PURE WATER FROM FOG (MOISTURE TRAP)
Before getting into how to extract water from fog, I would like to go over what fog actually is. Fog is considered a cloud that touches or contacts the ground. This ground hugging mist is actually tiny
water droplets suspended in the air. In essence, it is a low cloud. Mist that is dense enough to make visibility challenging (under 5/8 of a mile). The thickness of water particles is dense enough for us to trap (or tap) directly out of the air. Because fog is evaporated water, it is "pure" right from Mother Nature. Ready to drink. This is providing you don't live in an area that has heavy industry with air borne pollutants.
Fortunately, most common fog occurs in relatively clean areas, coastal locations that have a high relative humidity - 95% plus. Conditions have to be right to suspend massive amounts of water droplets in the air. Most of the fog we see and feel is caused by a temperature inversion. Typically any area that has either a warm air mass meeting a cool one can generate fog, but the most common occurrence is when warm and cool ocean currents meet. Warmer air above the ground traps cooler air on the ground or sea. This type of temperature inversion is sometimes called radiation fog. This can be a seasonal event and usually is. The dropping air temperatures condense their moisture laden load over warmer water currents and forms a moisture blanket that drifts over land until the water cools or most of the moisture is extracted from the air.
Since warm air holds more moisture fog is the result of that warm air cooling.
Pure Water from Fog
Can water be harvested from fog? Yes!
Survivalists use a crude method of this water gathering system by collecting water from leaves of plants. This is normally done in early morning when the fog is thickest. Everything will be covered in a layer of moisture. The leaves will act as natural water traps. Through many steps, water is collected from one leaf at a time and usually drained into a canteen or bottle. This provides some of the water needed for drinking throughout the day.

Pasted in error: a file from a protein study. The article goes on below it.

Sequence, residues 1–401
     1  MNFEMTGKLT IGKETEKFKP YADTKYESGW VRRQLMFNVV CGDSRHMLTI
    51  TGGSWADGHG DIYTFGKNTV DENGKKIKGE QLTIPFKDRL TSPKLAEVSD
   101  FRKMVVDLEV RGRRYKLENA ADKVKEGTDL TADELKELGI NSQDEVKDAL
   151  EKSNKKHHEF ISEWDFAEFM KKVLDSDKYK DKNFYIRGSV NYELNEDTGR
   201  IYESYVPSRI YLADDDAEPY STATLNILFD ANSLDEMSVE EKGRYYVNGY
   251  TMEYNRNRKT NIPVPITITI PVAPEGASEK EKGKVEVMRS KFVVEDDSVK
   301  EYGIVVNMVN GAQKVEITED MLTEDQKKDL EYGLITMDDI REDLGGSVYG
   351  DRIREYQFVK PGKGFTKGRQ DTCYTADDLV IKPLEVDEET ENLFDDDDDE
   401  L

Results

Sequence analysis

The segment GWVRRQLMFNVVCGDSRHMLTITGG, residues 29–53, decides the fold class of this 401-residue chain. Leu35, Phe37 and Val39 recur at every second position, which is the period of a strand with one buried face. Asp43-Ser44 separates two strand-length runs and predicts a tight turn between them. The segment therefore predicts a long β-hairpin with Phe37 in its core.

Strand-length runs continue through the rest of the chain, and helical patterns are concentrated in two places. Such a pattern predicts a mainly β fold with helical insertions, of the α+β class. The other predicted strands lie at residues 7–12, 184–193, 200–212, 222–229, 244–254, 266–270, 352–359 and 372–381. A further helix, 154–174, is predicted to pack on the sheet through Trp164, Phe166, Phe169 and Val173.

Fog collection systems have a proven track record for collecting pure water in arid climates. There must be bitter irony that some locations in the world have so little rainfall, yet so much fog.
As with so many things in life, the fog water trap started almost as a lark. In deforested hillsides in Chile, seedlings were planted. A lot of these new trees dried but a few lived. It was noted that the few seedlings that did make it had a quantity of rocks around and above it. This led to experiments using moisture capture nets in which collected fog would gather and drip off providing a lot more water for a number of plants.
The inhabitants of this dry area soon learned to capture water for themselves. To begin with a vertical net was positioned on the hillside facing the incoming fog. Various troughs were used at the bottom of the collection nets, which fed into buckets. More permanent capture / storage systems were built with storage tanks under ground. Multiple fog nets sandwiched together captured more moisture, thus a higher recovery rate was achieved. Maximum water recovery was where the fog moved across the hillside the fastest while using multiple nylon or plastic coarse nets which would allow 30 - 40% air passage through them.